Sunday, June 12, 2011
Posted by Dod at 6:32 PM
When I was a wee lad, I saw Jackie Chan in 1981's Cannonball Run and immediately became a fan of his infinitely kinetic, often comedic style of martial arts. I'd use my limited resources to see him in other movies, like 1980's The Big Brawl, which I didn't see until the mid-80's. The 90's rolled around, and I somehow got in touch with a VHS rental-by-mail company which predated Netflix by several years. They had a great international catalog, and lo and behold...there was Jackie Chan and a wealth of his films from the 1980's, when he enjoyed a hugely successful run as one of a wonderful action-comedy trio.
As a child, Chan attended and studied at the Peking Opera, where he met Sammo Hung and Yuen Biao. The three were fast friends in the grueling school, learning among other things, how to use their martial arts and gymnastic prowess to the fullest. They moved on into film, first as extras, then as marquee stars, directors, and choreographers. The 1980's were probably their busiest and most prolific, as they churned out hit after hit. They made films separately, but when they worked together, that was where the box office magic happened.
Their chemistry was as undeniable as the differences in their styles. Chan was the guy with the moves, and was the lead face in nearly every work they did. Hung was the chubby guy with the incredible comic timing and deceptive quickness. Biao was the smallest and the most acrobatic, using flips and lightning-fast moves. Where they were different in their styles and appearances, the influences were the same: classics like Buster Keaton and Charlie Chaplin were evident in the trio's mannerisms and stunts. They mixed martial arts with old school slapstick comedy and created a run of wonderfully whimsical movies during the 80's like Project A, Dragons Forever, and the Lucky Stars series.
One of the surefire staples of this period was Wheels On Meals (aka Kuàicān Chē, Spartan X, and Powerman among other titles), made in 1984 and directed by Hung. It's considered a favorite among classic Hong Kong action film fans not only for its obvious goofiness, but for the thrilling fight scenes, especially the climactic battle between Chan and real-life martial arts champion Benny "The Jet" Urquidez.
The plot is fairly simple and full of gags. Thomas (Chan) and David (Biao) run a food cart in Barcelona, Spain. During the day, they sell burgers and egg rolls in a popular plaza, and by night, they train in martial arts. The fighting skills come in handy when they have to run off a motorcycle gang terrorizing the plaza. When visiting David's father in a mental hospital, they're smitten by Sylvia (Spanish actress Lola Forner), the daughter of a woman David's dad falls for in the hospital. They run into Sylvia in the city, where she turns out to be a thief, posing as a hooker to rob men. However, there's more to Sylvia than meets the eye. Private detective Moby (Hung) is looking for her, as are some guys with more sinister motives. Seems Sylvia is the long-lost heir to a massive fortune and a local crime boss, Mondale (Pepe Sancho), wants to force her hand over the goods, preferably by marriage.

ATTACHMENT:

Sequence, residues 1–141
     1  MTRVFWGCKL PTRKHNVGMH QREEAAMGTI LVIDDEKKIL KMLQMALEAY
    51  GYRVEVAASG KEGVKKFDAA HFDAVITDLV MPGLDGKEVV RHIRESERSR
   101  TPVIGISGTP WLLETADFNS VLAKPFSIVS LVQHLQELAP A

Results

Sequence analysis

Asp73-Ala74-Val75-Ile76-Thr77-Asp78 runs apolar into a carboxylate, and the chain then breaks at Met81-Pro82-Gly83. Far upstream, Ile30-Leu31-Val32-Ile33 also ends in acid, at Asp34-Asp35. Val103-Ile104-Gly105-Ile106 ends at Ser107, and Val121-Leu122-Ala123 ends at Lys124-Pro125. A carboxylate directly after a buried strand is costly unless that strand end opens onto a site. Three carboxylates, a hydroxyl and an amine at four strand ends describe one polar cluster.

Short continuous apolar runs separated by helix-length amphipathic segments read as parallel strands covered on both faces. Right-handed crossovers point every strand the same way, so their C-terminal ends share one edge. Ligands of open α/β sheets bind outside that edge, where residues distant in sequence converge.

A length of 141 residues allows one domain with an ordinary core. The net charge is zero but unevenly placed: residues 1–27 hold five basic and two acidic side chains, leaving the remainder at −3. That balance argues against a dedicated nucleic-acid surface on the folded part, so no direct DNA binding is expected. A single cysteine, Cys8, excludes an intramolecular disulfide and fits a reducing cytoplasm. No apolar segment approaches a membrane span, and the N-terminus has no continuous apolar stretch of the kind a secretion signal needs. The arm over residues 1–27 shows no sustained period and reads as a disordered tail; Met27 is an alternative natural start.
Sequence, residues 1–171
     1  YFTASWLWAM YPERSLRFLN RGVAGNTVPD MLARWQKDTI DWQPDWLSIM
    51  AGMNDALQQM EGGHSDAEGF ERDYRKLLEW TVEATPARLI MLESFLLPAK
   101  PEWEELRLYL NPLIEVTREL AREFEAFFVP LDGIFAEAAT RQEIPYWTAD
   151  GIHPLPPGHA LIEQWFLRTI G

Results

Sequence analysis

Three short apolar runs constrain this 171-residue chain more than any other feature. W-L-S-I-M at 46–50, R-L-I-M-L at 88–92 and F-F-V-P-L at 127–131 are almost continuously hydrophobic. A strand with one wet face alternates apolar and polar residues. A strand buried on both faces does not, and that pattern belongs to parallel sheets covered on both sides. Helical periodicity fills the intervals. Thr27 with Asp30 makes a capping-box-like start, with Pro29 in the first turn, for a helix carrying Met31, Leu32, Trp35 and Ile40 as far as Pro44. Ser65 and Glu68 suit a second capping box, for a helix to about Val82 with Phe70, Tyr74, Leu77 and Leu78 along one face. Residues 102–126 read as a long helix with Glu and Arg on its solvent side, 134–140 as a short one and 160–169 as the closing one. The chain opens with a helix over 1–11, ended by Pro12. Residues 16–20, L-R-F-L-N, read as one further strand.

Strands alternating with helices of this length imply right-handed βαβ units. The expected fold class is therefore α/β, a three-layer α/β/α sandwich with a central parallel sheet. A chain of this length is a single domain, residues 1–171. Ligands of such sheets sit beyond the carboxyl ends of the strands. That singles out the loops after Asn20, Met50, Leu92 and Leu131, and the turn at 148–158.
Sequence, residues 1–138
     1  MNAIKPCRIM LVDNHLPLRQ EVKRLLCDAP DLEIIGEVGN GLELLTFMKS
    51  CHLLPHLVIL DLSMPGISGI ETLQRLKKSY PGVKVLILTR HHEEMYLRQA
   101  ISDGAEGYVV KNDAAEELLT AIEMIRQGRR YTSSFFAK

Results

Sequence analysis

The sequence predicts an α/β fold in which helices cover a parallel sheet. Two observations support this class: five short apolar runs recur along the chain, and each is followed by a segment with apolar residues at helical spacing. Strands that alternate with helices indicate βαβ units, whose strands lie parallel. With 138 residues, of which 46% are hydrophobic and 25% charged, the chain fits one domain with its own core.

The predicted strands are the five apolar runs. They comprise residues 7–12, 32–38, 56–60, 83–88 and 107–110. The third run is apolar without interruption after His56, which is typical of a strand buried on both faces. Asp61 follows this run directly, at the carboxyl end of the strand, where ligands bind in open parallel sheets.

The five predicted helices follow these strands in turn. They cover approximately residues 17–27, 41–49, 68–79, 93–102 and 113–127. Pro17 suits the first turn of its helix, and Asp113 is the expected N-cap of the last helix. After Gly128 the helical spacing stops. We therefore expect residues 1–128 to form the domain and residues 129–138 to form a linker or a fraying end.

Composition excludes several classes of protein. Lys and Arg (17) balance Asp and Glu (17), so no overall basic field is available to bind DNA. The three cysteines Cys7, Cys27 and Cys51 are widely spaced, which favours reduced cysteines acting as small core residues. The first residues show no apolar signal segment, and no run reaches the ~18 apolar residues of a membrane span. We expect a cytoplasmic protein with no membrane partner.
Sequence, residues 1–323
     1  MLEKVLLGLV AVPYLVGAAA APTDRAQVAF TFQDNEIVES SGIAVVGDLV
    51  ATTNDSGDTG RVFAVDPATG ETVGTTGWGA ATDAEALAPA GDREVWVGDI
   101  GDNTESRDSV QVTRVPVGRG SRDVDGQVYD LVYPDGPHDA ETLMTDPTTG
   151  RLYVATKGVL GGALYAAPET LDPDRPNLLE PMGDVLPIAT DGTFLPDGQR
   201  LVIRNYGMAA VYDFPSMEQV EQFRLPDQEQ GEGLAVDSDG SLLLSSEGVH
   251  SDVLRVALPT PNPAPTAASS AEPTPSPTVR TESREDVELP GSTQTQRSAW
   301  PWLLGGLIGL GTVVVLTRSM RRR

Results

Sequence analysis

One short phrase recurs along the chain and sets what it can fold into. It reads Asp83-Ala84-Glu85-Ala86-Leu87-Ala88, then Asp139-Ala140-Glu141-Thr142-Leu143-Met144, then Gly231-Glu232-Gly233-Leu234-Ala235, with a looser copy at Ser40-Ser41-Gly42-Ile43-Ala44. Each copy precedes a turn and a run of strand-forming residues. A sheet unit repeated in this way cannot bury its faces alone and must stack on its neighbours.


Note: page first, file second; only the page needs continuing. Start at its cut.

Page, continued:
After the boys rescue her a couple times, Sylvia joins them, working as a waitress for their food cart. Eventually, Mondale sends his big boys (Urquidez and yet another real-life champion Keith Vitali) after Sylvia and they manage to kidnap her. The good guys can't let this happen, so they stage a daring rescue in Mondale's castle stronghold, taking on his henchmen and engaging in some tremendous martial arts battle, including the one I mentioned between Chan and Urquidez. While that is truly one of the best martial arts battles to grace the screen, you can't take away from the final fight between Biao and Vitali, involving many flips, plush furniture, and a pineapple as a weapon.
If you get a hold of this sweet little film, don't be put off by the dubbing. It can be excruciating at times, to be honest, but it's a very small price to pay to watch Chan, Biao, and Hung work their magic. The movies they made brimmed with eternal optimism: we will beat the bad guy and we will win the day. The jokes and gags are light-hearted and hammy. The fights and stunts are breathtaking, and they were an important component of Hong Kong cinema for years. Wheels On Meals exemplifies those qualities and adds the beautiful scenery of Barcelona into the mix. And yes, the draw is the Chan-Urquidez main event, a physical, sometimes brutal, sometimes funny controlled brawl. There are highlights within the highlights, such as Chan's character using positive thinking to change his style, tickling as an offensive weapon, and a kick by Urquidez that literally blows out some candles (which I understand was not a trick). Speaking of chemistry, Chan and Urquidez also battled in the wonderful Dragons Forever and that was a show-stoppers as well. They just work so well as foes.
If you only know Chan from his Rush Hour movies or more watered-down Hollywood releases, or Hung from his short-lived but fun American TV show Martial Law, then you really should treat yourself to Meals On Wheels, or any one of their 80's heyday movies. They're a blast, and may have you pulling a ligament trying to imitate their moves.
Not that I speak from experience.
Now enjoy the amazing final fight scene: